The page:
-KJN (PS) Aurora Loan Services LLC v. Le et al, No. 2:2011cv00087 - Document 12 (E.D. Cal. 2011)

Court Description: ORDER and FINDINGS and RECOMMENDATIONS signed by Magistrate Judge Kendall J. Newman on 5/20/11, ORDERING that the status conference currently set for 6/9/11 is VACATED. It is RECOMMENDED that Plaintiff's motion to remand 8 be granted, and thi s matter be remanded to the Superior Court of CA, County of Sacramento, on the grounds that this court lacks subject matter jurisdiction over plaintiff's claims. The Clerk vacate all dates in this case. Case referred to Judge Karlton. Within 14 days after being served with these findings and recommendations, any party may file written objections with the court and serve a copy on all parties. Any response to the objections shall be filed with the court and served on all parties within 14 days after service of the objections. (Kastilahn, A)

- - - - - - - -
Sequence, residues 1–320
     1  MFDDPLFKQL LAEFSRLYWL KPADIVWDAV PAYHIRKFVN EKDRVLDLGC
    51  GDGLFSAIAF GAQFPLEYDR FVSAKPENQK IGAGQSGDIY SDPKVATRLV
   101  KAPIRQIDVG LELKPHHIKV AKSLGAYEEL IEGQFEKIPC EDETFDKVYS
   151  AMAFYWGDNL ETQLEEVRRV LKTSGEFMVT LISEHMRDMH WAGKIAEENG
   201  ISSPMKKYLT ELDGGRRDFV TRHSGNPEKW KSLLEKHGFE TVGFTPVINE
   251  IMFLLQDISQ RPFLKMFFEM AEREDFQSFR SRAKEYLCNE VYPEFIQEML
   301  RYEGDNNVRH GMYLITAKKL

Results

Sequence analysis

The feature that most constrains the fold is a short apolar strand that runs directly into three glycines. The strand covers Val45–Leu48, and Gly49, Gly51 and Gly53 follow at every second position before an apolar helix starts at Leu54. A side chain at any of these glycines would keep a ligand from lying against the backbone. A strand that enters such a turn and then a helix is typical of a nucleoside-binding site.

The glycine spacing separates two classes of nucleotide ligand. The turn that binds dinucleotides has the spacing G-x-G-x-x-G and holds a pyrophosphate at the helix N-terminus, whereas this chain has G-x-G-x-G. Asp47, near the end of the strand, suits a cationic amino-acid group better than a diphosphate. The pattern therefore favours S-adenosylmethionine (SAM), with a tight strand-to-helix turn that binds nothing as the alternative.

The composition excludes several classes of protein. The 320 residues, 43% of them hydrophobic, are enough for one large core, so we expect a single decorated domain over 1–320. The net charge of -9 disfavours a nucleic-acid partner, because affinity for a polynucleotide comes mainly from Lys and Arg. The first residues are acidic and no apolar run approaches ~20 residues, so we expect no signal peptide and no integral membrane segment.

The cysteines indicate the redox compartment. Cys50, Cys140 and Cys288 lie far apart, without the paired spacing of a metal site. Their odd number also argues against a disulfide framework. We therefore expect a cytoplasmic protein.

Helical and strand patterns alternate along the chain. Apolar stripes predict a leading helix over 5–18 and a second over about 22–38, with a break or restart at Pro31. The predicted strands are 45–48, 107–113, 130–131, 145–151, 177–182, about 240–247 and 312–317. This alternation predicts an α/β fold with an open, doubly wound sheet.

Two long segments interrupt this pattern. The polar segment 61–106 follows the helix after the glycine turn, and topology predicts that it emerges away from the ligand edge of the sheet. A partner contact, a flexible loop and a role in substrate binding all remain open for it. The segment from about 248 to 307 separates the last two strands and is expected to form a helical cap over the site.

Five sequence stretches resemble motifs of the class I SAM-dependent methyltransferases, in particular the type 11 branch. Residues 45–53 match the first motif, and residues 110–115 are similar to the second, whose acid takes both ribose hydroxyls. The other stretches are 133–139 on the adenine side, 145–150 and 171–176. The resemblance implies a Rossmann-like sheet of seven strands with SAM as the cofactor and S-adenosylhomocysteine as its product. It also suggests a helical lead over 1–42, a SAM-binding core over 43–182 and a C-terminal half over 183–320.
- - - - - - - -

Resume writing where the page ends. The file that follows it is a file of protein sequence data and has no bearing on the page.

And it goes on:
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-KJN (PS) Aurora Loan Services LLC v. Le et al Doc. 12 1 2 3 4 5 6 7 8 IN THE UNITED STATES DISTRICT COURT 9 FOR THE EASTERN DISTRICT OF CALIFORNIA 10 AURORA LOAN SERVICES, LLC, 11 12 13 Plaintiff, No. 2:11-cv-00087-LKK-KJN-PS v. THANH VAN LE, DUNG NGOC NGUYEN, and DOES 1-5, 14 Defendants. ORDER and FINDINGS AND RECOMMENDATIONS 15 / 16 17 Presently before the court is plaintiff’s motion to remand this unlawful detainer 18 action to the Superior Court of California for the County of Sacramento (“Superior Court”). (Dkt. 19 No. 8.)1 A review of the court’s docket indicates that defendants Than Van Le (“Le”) and Dung 20 Ngoc Nguyen (“Nguyen”) (collectively “defendants”) have not filed a written opposition to the 21 pending motion to remand. 22 This matter came on for hearing before the undersigned on May 19, 2011. 23 Attorney Ted Slabach attended on behalf of the plaintiff. There were no appearances on behalf 24 of defendants. 25 1 26 This action proceeds before the undersigned pursuant to Eastern District of California Local Rule 302(c)(21) and 28 U.S.C. § 636(b)(1). 1 Dockets.Justia.com 1 Having reviewed the briefs and record in this case, the undersigned recommends 2 that plaintiff’s motion to remand be granted and that this case be remanded to the Superior Court 3 on grounds that this court lacks subject matter jurisdiction over plaintiff’s single claim for 4 unlawful detainer. 5 I. BACKGROUND 6 On September 10, 2010, plaintiff Aurora Loan Services, LLC’s (“Aurora” or 7 “plaintiff”) filed a Verified Complaint for Unlawful Detainer (“Complaint”) in the Superior 8 Court, Case Number 10UD08659, seeking to recover possession of the property alleged to be 9 situated in the County of Sacramento. (Notice of Removal, Dkt. No. 1, Exh. 1 thereto 10 (“Compl.”).) The Complaint alleges that plaintiff purchased the subject property at a trustee’s 11 sale that occurred in accordance with California state law and terms of the Deed of Trust 12 executed by defendants, that plaintiff’s title pursuant to that sale has been perfected, and that 13 plaintiff is entitled to immediate possession of the property. (Compl. at 1-2.) It further alleges 14 that plaintiff provided defendants, who once owned and apparently still occupy the property, with 15 a written notice to vacate the premises and deliver possession of the property within 3 days after 16 service of such notice, and that defendant failed to vacate and deliver possession. (Id.) Through 17 this action, plaintiff seeks: (1) restitution and possession of the subject property, and (2) damages 18 at a rate of $60.00 per day from August 21, 2010, until the date of entry of judgment for each day 19 that defendants remain in possession of the property.2 (Compl. at 3.) 20 On January 10, 2011, defendants removed this matter to the United States District 21 Court for the Eastern District of California. (Notice of Removal, Dkt. No. 1.) Defendants 22 removed this case pursuant to 28 U.S.C. § 1446(a), and asserted that “the grounds for such 23 removal is being based on claims ‘arising under’ FEDERAL LAW namely, as to Federal 24 25 26 2 Plaintiff filed this action as a limited civil action in the Superior Court, and the caption of the Complaint states: “AMOUNT DEMANDED DOES NOT EXCEED $10,000.” (Compl. at 1.) 2 1 Jurisdiction resulting from the Moving Party’s Discovery Request and Demand for: ‘THE 2 ORIGINAL BLUE INKED PROMISSORY NOTE’, and as to identify the statutory basis for the 3 discovery request/demand and other claims.” (Notice of Removal at 2.) 4 Defendants’ Notice of Removal also asserts, in passing and without explanation, 5 that “. . . [defendants’] current residence is that of the State of California is that of complete 6 diversity, as there are no other parties in this case that have been properly served” and “This 7 matter and this case is that of complete diversity . . . [defendants] believe that the amount of 8 controversy exceeds the [sic] $95,000 (Ninety-Five Thousand Dollars).” (Notice of Removal 9 at 2.) The Notice of Removal contains no allegations regarding plaintiff’s citizenship and 10 contains no factual allegations in support of defendants’ claim that diversity jurisdiction exists 11 pursuant to 28 U.S.C. § 1332. Plaintiff’s pending motion (Dkt. No. 8) requests that this action be 12 remanded to state court.3 13 II. LEGAL STANDARDS 14 In relevant part, the federal removal statute provides: 15 (a) Except as otherwise expressly provided by Act of Congress, any civil action brought in a State court of which the district courts of the United States have original jurisdiction, may be removed by the defendant or the defendants, to the district court of the United States for the district and division embracing the place where such action is pending. . . . 16 17 18 (b) Any civil action of which the district courts have original jurisdiction founded on a claim or right arising under the Constitution, treaties or laws of the United States shall be removable without regard to the citizenship or residence of the parties. Any other such action shall be removable only if none of the parties in interest properly joined and served as defendants is a citizen of the State in which such action is brought. 19 20 21 22 23 24 25 26 3 On February 4, 2011, plaintiff filed a standalone “Declaration” in apparent efforts to request that this action be remanded to state court. (Dkt. No. 3.) Because the “Declaration” did not clearly request affirmative relief from the court, the undersigned declined to take action upon that filing. (Dkt. No. 5.) Thereafter, plaintiff filed a document styled as a “Motion to Remand” (Dkt. No. 6), but failed to advance arguments in favor of the relief sought and referenced documents that were neither attached nor part of an accompanying declaration. Accordingly, the undersigned denied that motion without prejudice. (Dkt. No. 7.) Plaintiff filed the pending motion to remand on April 7, 2011. (Dkt. No. 8.) Despite these several filings, to date defendants have not filed any written responses thereto. 3 1 28 U.S.C. § 1441(a), (b). A defendant “desiring to remove any civil action” from state court to 2 federal court must file a “notice of removal signed pursuant to Rule 11 of the Federal Rules of 3 Civil Procedure and containing a short and plain statement of the grounds for removal, together 4 with a copy of all process, pleadings, and orders served upon such defendant” in the state action. 5 28 U.S.C. § 1446(a). “The defendant bears the burden of establishing that removal is proper.” 6 Provincial Gov’t of Marinduque v. Placer Dome, Inc., 582 F.3d 1083, 1087 (9th Cir. 2009), cert. 7 denied, 131 S. Ct. 65 (2010). “The removal statute is strictly construed against removal 8 jurisdiction,” id., and removal jurisdiction “‘must be rejected if there is any doubt as to the right 9 of removal in the first instance.’” Geographic Expeditions, Inc. v. Estate of Lhotka, 599 F.3d 10 1102, 1106 (9th Cir. 2010) (quoting Gaus v. Miles, Inc., 980 F.2d 564, 566 (9th Cir. 1992) (per 11 curiam)). 12 III. DISCUSSION 13 As noted above, defendants removed this action to federal court on the basis of 14 this court’s federal question jurisdiction and diversity jurisdiction. For the reasons that follow, 15 however, neither of these is a proper basis for removal in this particular case, and the 16 undersigned concludes that this court lacks subject matter jurisdiction over plaintiff’s claim. 17 A. Removal Premised on Federal Question Jurisdiction 18 District courts have federal question jurisdiction over “all civil actions that arise 19 under the Constitution, laws, or treaties of the United States.” 28 U.S.C. § 1331. “A case ‘arises 20 under’ federal law either where federal law creates the cause of action or ‘where the vindication 21 of a right under state law necessarily turn[s] on some construction of federal law.’” Republican 22 Party of Guam v. Gutierrez, 277 F.3d 1086, 1088-89 (9th Cir. 2002) (modification in original) 23 (citing Franchise Tax Bd. v. Constr. Laborers Vacation Trust, 463 U.S. 1, 8-9 (1983)). “[T]he 24 presence or absence of federal-question jurisdiction is governed by the ‘well-pleaded complaint 25 rule,’ which provides that federal jurisdiction exists only when a federal question is presented on 26 the face of the plaintiff’s properly pleaded complaint.” Placer Dome, Inc., 582 F.3d at 1091; 4 1 Ultramar Am. Ltd. v. Dwelle, 900 F.2d 1412, 1414 (9th Cir. 1990) (“Ordinarily, the existence of 2 federal question jurisdiction is determined from the face of the complaint.”). “In determining the 3 existence of removal jurisdiction, based upon a federal question, the court must look to the 4 complaint as of the time the removal petition was filed. Jurisdiction is based on the complaint as 5 originally filed . . . .” Abada v. Charles Schwab & Co., 300 F.3d 1112, 1117 (9th Cir. 2002) 6 (emphasis in original) (citation and quotation marks omitted). 7 Here, plaintiff filed its Complaint in the Superior Court asserting a single claim 8 for unlawful detainer premised solely on California law. Because a claim for unlawful detainer 9 does not by itself present a federal question or necessarily turn on the construction of federal law, 10 no basis for federal question jurisdiction appears on the face of the Complaint. See, e.g., U.S. 11 Bank Nat’l Ass’n v. Tyler, No. C 10-4033 PJH, 2010 WL 4918790, at *2 (N.D. Cal. Nov. 12, 12 2010) (unpublished) (holding that a single claim for unlawful detainer under state law did not 13 provide a basis for federal question jurisdiction); OneWest Bank FSB v. Ignacio, No. CIV 14 S-10-1683 JAM DAD PS, 2010 WL 2696702, at *2 (E.D. Cal. July 6, 2010) (unpublished) 15 (same); IndyMac Federal Bank, F.S.B. v. Ocampo, No. EDCV 09-2337 PA (DTBx), 2010 WL 16 234828, at *2 (C.D. Cal. Jan. 13, 2010) (unpublished) (same); HSBC Bank, N.A. v. Bryant, No. 17 09-CV-1659-IEG (POR), 2009 WL 3787195, at *3 (S.D. Cal. Nov. 10, 2009) (unpublished) 18 (same). 19 As noted above, while defendants have not filed a written opposition to the 20 motion for remand, their Notice of Removal suggests that this court’s subject matter jurisdiction 21 over plaintiff’s single unlawful detainer claim somehow “result[s] from” defendants’ “Discovery 22 Request and Demand for: ‘THE ORIGINAL BLUE INKED PROMISSORY NOTE’. . . .” 23 (Notice of Removal at 2.) It is unclear how a violation of federal law could result from 24 defendants’ discovery requests. Discovery requests are not part of the pleading that initiated this 25 action, and defendants have neither explained how removal might be premised upon such 26 requests nor opposed plaintiff’s pending motion. No explanation readily appears to the 5 1 undersigned. Defendants have not met their burden of demonstrating grounds for jurisdiction. 2 See e.g., Placer Dome, Inc., 582 F.3d at 1087. The undersigned concludes that defendants’ 3 “Discovery Request and Demand for: ‘THE ORIGINAL BLUE INKED PROMISSORY NOTE’. 4 . . .” does not give rise to federal question jurisdiction, and, more importantly, neither does 5 anything in plaintiff’s limited unlawful detainer complaint. See Vaden v. Discover Bank, 129 S. 6 Ct. 1262, 1272 (2009) (stating that federal question jurisdiction cannot “rest upon an actual or 7 anticipated counterclaim”); Valles v. Ivy Hill Corp., 410 F.3d 1071, 1075 (9th Cir. 2005) (“A 8 federal law defense to a state-law claim does not confer jurisdiction on a federal court, even if the 9 defense is that of federal preemption and is anticipated in the plaintiff’s complaint.”). 10 Accordingly, 28 U.S.C. § 1331 does not provide this court with subject matter jurisdiction over 11 plaintiff’s single claim for unlawful detainer brought pursuant to California law. 12 B. Removal Premised on Diversity Jurisdiction 13 Defendants also removed this case on the basis of the court’s diversity 14 jurisdiction, although they provided no factual basis for the existence of diversity jurisdiction. 15 District courts have diversity jurisdiction over “all civil actions where the matter in controversy 16 exceeds the sum or value of $75,000, exclusive of interest and costs,” and the action is between: 17 “(1) citizens of different States; (2) citizens of a State and citizens or subjects of a foreign state; 18 (3) citizens of different States and in which citizens or subjects of a foreign state are additional 19 parties; and (4) a foreign state . . . as plaintiff and citizens of a State or of different States.” 28 20 U.S.C. § 1332; see also Geographic Expeditions, Inc., 599 F.3d at 1106. Generally, in an action 21 where subject matter jurisdiction is premised on the diversity statute, there must be complete 22 diversity of the parties, which means that all of the plaintiffs have a different state of citizenship 23 than all of the defendants. See, e.g., Cook v. AVI Casino Enters., Inc., 548 F.3d 718, 722 (9th 24 Cir. 2008). 25 26 Again, it is defendants’ burden to establish that removal is proper. E.g., Placer Dome, Inc., 582 F.3d at 1087. However, defendants make no attempt to provide a factual basis 6 1 for diversity jurisdiction. At most, they state in passing and without explanation, that “. . . 2 [defendants’] current residence is that of the State of California is that of complete diversity, as 3 there are no other parties in this case that have been properly served” and “This matter and this 4 case is that of complete diversity . . . [defendants] believe that the amount of controversy exceeds 5 the [sic] $95,000 (Ninety-Five Thousand Dollars).” (Notice of Removal at 2.) 6 Here, while the Notice of Removal describes defendants as citizens of California, 7 it is silent with respect to plaintiff’s citizenship. (Notice of Removal at 1-2.) Within its 8 complaint, plaintiff described itself as “organized and existing under the laws of the State of 9 Delaware” but did not purport to describe its citizenship for diversity purposes. (Compl. at 1.) 10 In any event, even assuming that the parties are completely diverse, this court 11 lacks diversity jurisdiction over this matter because defendants have failed to demonstrate that 12 the amount in controversy exceeds $75,000. When a state court complaint affirmatively alleges 13 that the amount in controversy is less than the jurisdictional threshold, the party seeking removal 14 must prove with “legal certainty” that the jurisdictional amount is met. See Lowdermilk v. U.S. 15 Bank Nat’l Ass’n, 479 F.3d 994, 1000 (9th Cir. 2007); accord Wachovia Mortgage FSB v. 16 Atencio, No. C 09-5275 BZ, 2010 WL 1221804, at *1 (N.D. Cal. Mar. 9, 2010) (unpublished) 17 (holding that, where the “title of the state court complaint provides that the amount in damages is 18 less than $10,000,” plaintiff has plead a “specific amount in damages” such that it is not 19 necessary to look beyond the face of the complaint) (citing Lowdermilk, 479 F.3d at 999); cf. 20 Valdez v. Allstate Ins. Co., 372 F.3d 1115, 1117 (9th Cir. 2004) (acknowledging the general 21 “facially evident” rule but noting that the inquiry is not confined to the face of the complaint 22 when the amount in controversy is not stated therein). 23 A review of plaintiff’s complaint confirms that the action was filed as a “limited” 24 civil case where the damages at stake were less than $10,000. (Compl. at 1.) When the plaintiff 25 has plead a specific amount in damages or alleged that damages do not exceed $10,000, those 26 damages allegations govern the propriety of removal. See e.g., Wells Fargo Bank, N.A. v. 7 1 Cencil, No. C-10-01169 EDL, 2010 WL 2179778, at *3 (N.D. Cal. May 27, 2010) (unpublished) 2 (ordering remand where “Defendant has not opposed the motion or made any other effort to 3 show that the statutory minimum of $75,000 has been met, and the face of the complaint shows 4 that it has not been met. The cover page of the complaint states in the caption, “AMOUNT 5 DEMANDED DOES NOT EXCEED $10,000.”); GMAC Mortgage, LLC v. Martinez, No. CV 6 10-02882 MMM (PLAx), 2010 WL 1931268, at *4 (C.D. Cal. May 10, 2010) (unpublished) 7 (remanding unlawful detainer action where plaintiff filed action as a limited civil action with an 8 affirmative demand of less than $10,000); U.S. Bank v. Lasoff, No. CV 10-00235 MMM (Rcx), 9 2010 WL 669239, at *5 (C.D. Cal. Feb. 23, 2010) (unpublished) (holding that the total potential 10 damages, plaintiff’s holdover damages demand, did not exceed $75,000 at the time of removal); 11 U.S. Bank Nat. Ass’n v. Bravo, No. CV 08-7736-GW(RCx), 2009 WL 210481, at *3 12 (unpublished) (holding that for purposes of removal premised on diversity jurisdiction, the 13 damages emblazoned on the face of the unlawful detainer complaint are controlling); HSBC 14 Bank USA v. Ramirez, No. CV 08-05638-RGK (CWx), 2008 WL 4724055, at *2 (C.D. Cal. Oct. 15 21, 2008) (unpublished) (same). 16 Defendants have not established with legal certainty that this court can maintain 17 diversity jurisdiction over this action given that, on its face, plaintiff’s complaint conspicuously 18 describes the damages at stake as being “Under $10,000.” (Compl. at 1.) Defendants do not 19 explain the basis for their conclusory statement that the “amount of controversy exceeds the [sic] 20 $95,000” or explain why the complaint’s “Under $10,000” damages figure should be 21 disregarded. (Notice of Removal at 2). Defendants have not addressed the Judgment and Notice 22 of Entry of Judgment attached to the declaration of Eric G. Fernandez in support of the pending 23 Motion to Remand, which states that the damages awarded to plaintiff were $3,420.00. 24 (Declaration of Eric G. Fernandez, Dkt. No. 8-2 at 2; Exh. A thereto (Judgment and Notice of 25 //// 26 //// 8 1 Entry of Judgment dated October 26, 2010 awarding plaintiff $3,420.00.))4 Accordingly, the 2 undesigned concludes that defendants have not met their burden, and diversity jurisdiction does 3 not keep plaintiff’s unlawful detainer claim in federal court. 4 C. Trial Court’s Entry of Judgment in State Court 5 In its moving papers, plaintiff suggests that remand is appropriate (but does not 6 cite to supporting authorities) because the state action was completed when defendants filed their 7 Notice of Removal. (Dkt. No. 8-1 at 2.) Plaintiff explains that “the case has already been 8 adjudicated in state court” and defendants “have not filed an appeal of the judgment or otherwise 9 challenged it in state court.” (Id.) Specifically, plaintiff states that after a trial on October 26, 10 2010, final judgment was entered in plaintiff’ favor. (Declaration of Eric G. Fernandez, Dkt. No. 11 8-2 at 2; Exh. A thereto (Judgment and Notice of Entry of Judgment dated October 26, 2010.)) 12 While the state court’s entry of judgment after trial may support remand or 13 dismissal, in this case it is not clear that such judgment necessarily precludes removal or requires 14 dismissal in this particular case. It is true that the Ninth Circuit Court of Appeals has held that, if 15 there is no pending action to remove, there is no action to remand. Ristuccia v. Adams, 406 F.2d 16 1257, 1258 (9th Cir. 1969) (per curiam) (“We hold that, as a matter of logic, if appellants had no 17 existing cause of action to remove, the fact that the district court has determined that appellants 18 lacked a removable cause of action creates no cause of action that can be remanded.”) However, 19 4 20 21 22 23 24 25 26 Despite the removal statute’s requirement that all state court pleadings and orders be attached to the notice of removal, defendants did not attach the Judgment and Notice of Entry of Judgment to their Notice of Removal. 28 U.S.C. § 1446(a). Plaintiff, however, filed that document as part of its pending motion (Dkt. No. 8-2 at 2, Exh. A), and defendants have neither opposed plaintiff’s Motion for Remand nor challenged the authenticity of the Judgment and Notice of Entry of Judgment attached thereto. A district court may take judicial notice of state court actions where the state court proceedings have a direct relation to the matters at issue. See, e.g., Betker v. U.S. Trust Corp. (In re Heritage Bond Litig.), 546 F.3d 667, 670 n.1, 673 n.8 (9th Cir. 2008) (citing U.S. ex rel. Robinson Rancheria Citizens Council v. Borneo, Inc., 971 F.2d 244, 248 (9th Cir. 1992)); Bias v. Moynihan, 508 F.3d 1212, 1225 (9th Cir. 2007); Cactus Corner, LLC v. U.S. Dep’t of Agric., 346 F. Supp. 2d 1075, 1092 (E.D. Cal. 2004). Accordingly, the undersigned takes judicial notice of the Judgment and Notice of Entry of Judgment dated October 26, 2010 (Dkt. No. 8-2 at 2, Exh. A). See Fed. R. Evid. 201(c) (“A court may take judicial notice, whether requested or not.”). 9 1 in Ristuccia, the party seeking removal appeared in the state court action, defended on the merits, 2 and sought removal only after an adverse determination by an appellate court. Id.; e.g., Robert E. 3 Diehl, Inc. v. Morrison, 590 F. Supp. 1190, 1192 (M.D. Pa. 1984) (noting that “in Ristuccia 4 removal was sought only after the state appellate court had denied relief.”) 5 Here, it is not clear whether the state court’s judgment has been (or will be) 6 appealed and is not clear that all appellate deadlines have passed. Accordingly, at this time, the 7 undersigned declines to determine whether the trial court’s entry of judgment is a final judgment 8 that itself prevents removal at this posture. Putting aside the impact of the state trial court’s entry 9 of judgment prior to defendants’ Notice of Removal, given the lack of federal question 10 jurisdiction and lack of diversity jurisdiction there are sufficient other grounds for remand. 11 IV. CONCLUSION 12 Accordingly, IT IS HEREBY ORDERED that: 13 1. 14 And IT IS HEREBY RECOMMENDED that: 15 1. Plaintiff’s motion to remand (Dkt. No. 8) be granted and 16 2. This matter be remanded to the Superior Court of California, County of The status conference currently set for June 9, 2011 is vacated. 17 Sacramento, on the grounds that this court lacks subject matter jurisdiction 18 over plaintiff’s claims. 19 3. The Clerk of the Court vacate all dates in this case. 20 These findings and recommendations are submitted to the United States District 21 Judge assigned to the case, pursuant to the provisions of 28 U.S.C. § 636(b)(l). Within fourteen 22 days after being served with these findings and recommendations, any party may file written 23 objections with the court and serve a copy on all parties. Id.; see also E. Dist. Local Rule 304(b). 24 Such a document should be captioned “Objections to Magistrate Judge’s Findings and 25 Recommendations.” Any response to the objections shall be filed with the court and served on 26 all parties within fourteen days after service of the objections. E. Dist. Local Rule 304(d). 10 1 Failure to file objections within the specified time may waive the right to appeal the District 2 Court’s order. Turner v. Duncan, 158 F.3d 449, 455 (9th Cir. 1998); Martinez v. Ylst, 951 3 F.2d 1153, 1156-57 (9th Cir. 1991). 4 5 IT IS SO ORDERED and RECOMMENDED. DATED: May 20, 2011 6 7 8 _____________________________________ KENDALL J. NEWMAN UNITED STATES MAGISTRATE JUDGE 9 10 11 12 13 14 15 16 17 18 19 20 21 22 23 24 25 26 11